but our experts report that these signals are often weak and therefore
challenging to findthough without the improved processing power, these
weaker signals would not likely surface at all.
Alastair McCullough noted the improved analytics possible with stronger
processing, describing it as advancing beyond the capability to slice, dice,
build, pivot, collapse and represent data to derive the kind of insights that
drive business decisions.

2.6 Linkages
The thing that changes everything for me is the fact that there are
linkages. There are linkages between data and there are linkages
from data to people. So the tie between ourselves and our data is
much tighter and becoming increasingly so.
Dr. Mark Elliot, Centre for Census and Survey Research,
University of Manchester

Bringing together large datasets allows for matching and connections that
were not previously possible. Linkages between, for example, weather data
and satellite images for the catastrophic modelling performed by the Willis
Group, or online and offline purchasing behaviours performed by Tesco,
potentially enable businesses to make better informed decisions. The
opportunities created by finding these connections in datasets is described in
further detail in Chapter 4.
Prior to recent advances in data processing and storage, data were often in
silos, collected and analysed for single purposes due to the costs of storage
and testing models. Descriptions from our experts liken the ongoing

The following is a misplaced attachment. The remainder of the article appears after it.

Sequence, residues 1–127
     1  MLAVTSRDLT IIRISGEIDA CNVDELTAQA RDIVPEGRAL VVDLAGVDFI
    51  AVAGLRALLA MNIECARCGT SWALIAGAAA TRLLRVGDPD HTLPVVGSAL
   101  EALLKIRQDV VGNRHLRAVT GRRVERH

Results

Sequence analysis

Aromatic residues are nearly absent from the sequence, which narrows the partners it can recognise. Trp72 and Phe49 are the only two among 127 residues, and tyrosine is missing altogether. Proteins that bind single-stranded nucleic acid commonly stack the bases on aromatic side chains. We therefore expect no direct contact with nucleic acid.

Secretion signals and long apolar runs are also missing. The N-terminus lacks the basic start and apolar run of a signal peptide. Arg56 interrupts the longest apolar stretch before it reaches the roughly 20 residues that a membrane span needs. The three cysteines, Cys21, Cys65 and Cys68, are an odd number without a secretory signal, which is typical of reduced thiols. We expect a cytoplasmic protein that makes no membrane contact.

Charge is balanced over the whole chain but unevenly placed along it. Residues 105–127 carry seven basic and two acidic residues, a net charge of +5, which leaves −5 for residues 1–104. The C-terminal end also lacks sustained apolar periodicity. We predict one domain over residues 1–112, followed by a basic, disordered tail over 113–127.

innovations in processing and analysis to an opening of floodgates in terms of
what is possible. Analysis of large datasets enables the identifying of
relationships between datasets, for example, weather and spending patterns
or car purchases and marital status. Bryan Lorenz of BrightScope describes
the benefits of linking large datasets to drive business decisions, such as in
what geographic areas a company should target its sales force at or
comparing where a product is weak or strong in relation to the performance of
competitors. In this sense, big data represents an improvement over

Signals refer to the meaningful, relevant information content of the data. Noise, by contrast,
usually refers to confounding factors that obscure the relevant patterns, or to data that may
be related but does not improve analytical power. In either case, noise makes finding and
interpreting signals more difficult and error prone.


traditional analysesenabling analysts to detect patterns and trends that

were previously hidden `in the cracks between datasets.

2.7 Predictive power of big data

The main difference between big data and the standard data
analytics that weve always done in the past is that big allows us to
predict behaviour. Also, predict events based upon lots of sources of
data that we can now combine in ways that we werent able to
before. Paul Malyon, Experian